We have ways to make them behave

29th April 2005 at 01:00
Pre-threshold: Part three of our series on becoming a head of department

There are subtle ways to manage pupil behaviour which some staff overlook.

As a head of department you can focus on these when trying to improve your pupils' conduct and attitudes.

Tidy classrooms

A clean and organised room promotes positive behaviour, as it sets a standard. Point out to pupils how clean it is at the beginning of the lesson and that this is how you expect it to be at the end. Make them take responsibility for their mess and to respect their environment.


Exhibiting their work shows the children that it is valued, thus motivating them. With the workload agreement staff should be given provision for putting up displays if they don't want to do it themselves. Keep copies of good work in all year groups or schemes of work. If possible, get them laminated. These can be used as examples to show staff what can be achieved and can be handed round the class to show pupils the minimum standard you expect.


Regularity is crucial for overall effectiveness. All staff should follow the school or departmental behaviour management system. However, "preventative" procedures should be departmental policy. For example, staff should always be at the door as a class arrives, lining up quietly outside before entering and standing behind their desks in silence before the lesson starts. As head of department it is your job to support your staff.

If applicable, be visible in the corridor chatting to pupils, showing them you are available if needed. If there are issues with a class or department member, then they need your support. In class, staff need to be confident with procedures and know they will be supported. Pupils "feed" on teacher weaknesses if allowed to.

Shared expectations

Ideally, every teacher should spend their first lesson with a class going through the rules and requirements. It is important to show that it is a shared relationship with shared responsibilities. Combine your pupil expectations with what they can expect from you. For example: "I expect you to complete your homework on time and you can rely on me to mark it fairly and return it to you within a week." Pupils are made to take responsibility for their actions: so should staff. Display school or department rules as a reference point.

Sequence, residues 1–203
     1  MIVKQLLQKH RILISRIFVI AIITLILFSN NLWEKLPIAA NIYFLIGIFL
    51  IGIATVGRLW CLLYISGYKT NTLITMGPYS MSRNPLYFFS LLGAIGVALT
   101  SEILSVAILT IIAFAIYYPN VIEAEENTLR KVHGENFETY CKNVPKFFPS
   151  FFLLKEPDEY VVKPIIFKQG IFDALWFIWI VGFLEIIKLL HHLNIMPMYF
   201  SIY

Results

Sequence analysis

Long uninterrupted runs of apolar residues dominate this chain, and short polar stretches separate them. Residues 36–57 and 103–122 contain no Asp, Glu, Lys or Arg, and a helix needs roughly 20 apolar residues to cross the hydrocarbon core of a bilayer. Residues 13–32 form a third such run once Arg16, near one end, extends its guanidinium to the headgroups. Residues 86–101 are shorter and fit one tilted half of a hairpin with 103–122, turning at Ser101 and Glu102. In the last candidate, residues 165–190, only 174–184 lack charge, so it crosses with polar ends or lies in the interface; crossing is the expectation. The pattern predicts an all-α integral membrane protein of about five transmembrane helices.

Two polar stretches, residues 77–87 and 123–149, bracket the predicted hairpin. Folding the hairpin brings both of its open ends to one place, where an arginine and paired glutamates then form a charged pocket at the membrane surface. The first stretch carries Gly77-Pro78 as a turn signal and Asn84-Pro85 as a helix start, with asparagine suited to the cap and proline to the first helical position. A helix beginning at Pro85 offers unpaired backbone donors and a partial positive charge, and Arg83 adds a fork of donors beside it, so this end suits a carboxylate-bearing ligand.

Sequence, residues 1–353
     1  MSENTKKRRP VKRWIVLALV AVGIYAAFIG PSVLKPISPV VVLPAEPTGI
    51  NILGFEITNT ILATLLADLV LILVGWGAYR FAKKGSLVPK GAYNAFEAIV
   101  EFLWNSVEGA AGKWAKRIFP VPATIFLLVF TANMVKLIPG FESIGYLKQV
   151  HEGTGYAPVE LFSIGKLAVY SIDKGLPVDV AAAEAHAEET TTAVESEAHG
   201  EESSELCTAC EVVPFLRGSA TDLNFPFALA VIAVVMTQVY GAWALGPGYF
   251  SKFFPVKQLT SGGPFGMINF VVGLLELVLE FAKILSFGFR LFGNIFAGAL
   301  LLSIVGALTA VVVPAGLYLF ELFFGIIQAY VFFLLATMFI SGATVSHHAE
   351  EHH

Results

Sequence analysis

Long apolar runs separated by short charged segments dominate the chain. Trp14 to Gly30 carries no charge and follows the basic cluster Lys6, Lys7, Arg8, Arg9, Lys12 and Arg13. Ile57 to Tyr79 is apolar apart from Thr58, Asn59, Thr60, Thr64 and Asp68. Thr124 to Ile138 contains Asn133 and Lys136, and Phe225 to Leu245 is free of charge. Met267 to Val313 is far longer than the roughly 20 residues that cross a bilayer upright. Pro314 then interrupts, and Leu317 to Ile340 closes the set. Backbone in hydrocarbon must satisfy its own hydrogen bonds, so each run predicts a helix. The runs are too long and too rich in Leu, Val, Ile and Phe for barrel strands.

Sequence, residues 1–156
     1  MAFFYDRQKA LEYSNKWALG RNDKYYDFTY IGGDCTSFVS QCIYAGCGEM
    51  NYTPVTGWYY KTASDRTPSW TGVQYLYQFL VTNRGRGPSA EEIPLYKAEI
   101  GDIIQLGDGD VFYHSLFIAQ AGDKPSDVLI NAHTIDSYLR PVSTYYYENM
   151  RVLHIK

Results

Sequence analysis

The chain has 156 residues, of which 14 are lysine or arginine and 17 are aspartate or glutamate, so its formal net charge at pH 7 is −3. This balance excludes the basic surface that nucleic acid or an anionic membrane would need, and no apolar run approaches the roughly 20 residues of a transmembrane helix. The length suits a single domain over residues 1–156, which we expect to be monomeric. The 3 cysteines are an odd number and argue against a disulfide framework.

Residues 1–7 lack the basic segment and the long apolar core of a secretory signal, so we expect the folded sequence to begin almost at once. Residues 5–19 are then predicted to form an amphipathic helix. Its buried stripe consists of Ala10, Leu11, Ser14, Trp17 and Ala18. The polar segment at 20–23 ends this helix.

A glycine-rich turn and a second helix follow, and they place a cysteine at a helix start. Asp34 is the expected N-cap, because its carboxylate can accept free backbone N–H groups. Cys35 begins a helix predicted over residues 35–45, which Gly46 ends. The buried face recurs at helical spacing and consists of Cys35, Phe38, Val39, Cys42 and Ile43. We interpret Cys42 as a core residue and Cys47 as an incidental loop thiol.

This is the key to persuading most children to work and to behave. Pupils love it. Use it as much as possible without sounding insincere, or where appropriate. Give clear reasons, such as "well done for sitting in silence", "excellent answer", or "great work on this table", so pupils can identify the behaviour that is being rewarded and try it themselves. Have staff count the number of positive comments they use in a lesson compared with negative ones. The aim is to make the positives outweigh the negatives.


This also encourages good pupil work and behaviour. Although you may teach many pupils in a week, it is possible to organise your marking in a way that allows it to be done regularly. Keeping on top of it shows pupils that you are aware of what they are doing and what they have done well. Use explanations to show how they can improve and how to achieve a target. Use praise phrases, stickers, stamps or certificates to show good work. Self or peer-marking can help teacher workload. It also encourages assessment for learning as pupils can identify what constitutes a correct or good answer with a peer rather than being told by their teacher.

Checking marking and record-keeping

As a head of department, take in random samples of books from all your staff to see if they are doing all these things. Make these unplanned or you may be handed a beautifully marked set of books while others lie untouched. Also check to see if staff are recording marks. In theory, anyone should be able to take their book and make sense of the marks and the progress a pupil is making.

Effective behaviour management should involve preventative measures and not be just "how we deal with a pupil if they are naughty". It is generally true that teachers who follow these sorts of guidelines have calm and productive classrooms and departments that uphold this have a successful and positive reputation around school.

Dawn Cox is head of REand GTPNQT co-ordinator at St Charles Lucas arts college in Colchester.Look our for part four next month

Log-in as an existing print or digital subscriber

Forgotten your subscriber ID?


To access this content and the full TES archive, subscribe now.

View subscriber offers


Get TES online and delivered to your door – for less than the price of a coffee

Save 33% off the cover price with this great subscription offer. Every copy delivered to your door by first-class post, plus full access to TES online and the TES app for just £1.90 per week.
Subscribers also enjoy a range of fantastic offers and benefits worth over £270:

  • Discounts off TES Institute courses
  • Access over 200,000 articles in the TES online archive
  • Free Tastecard membership worth £79.99
  • Discounts with Zipcar, Buyagift.com, Virgin Wines and other partners
Order your low-cost subscription today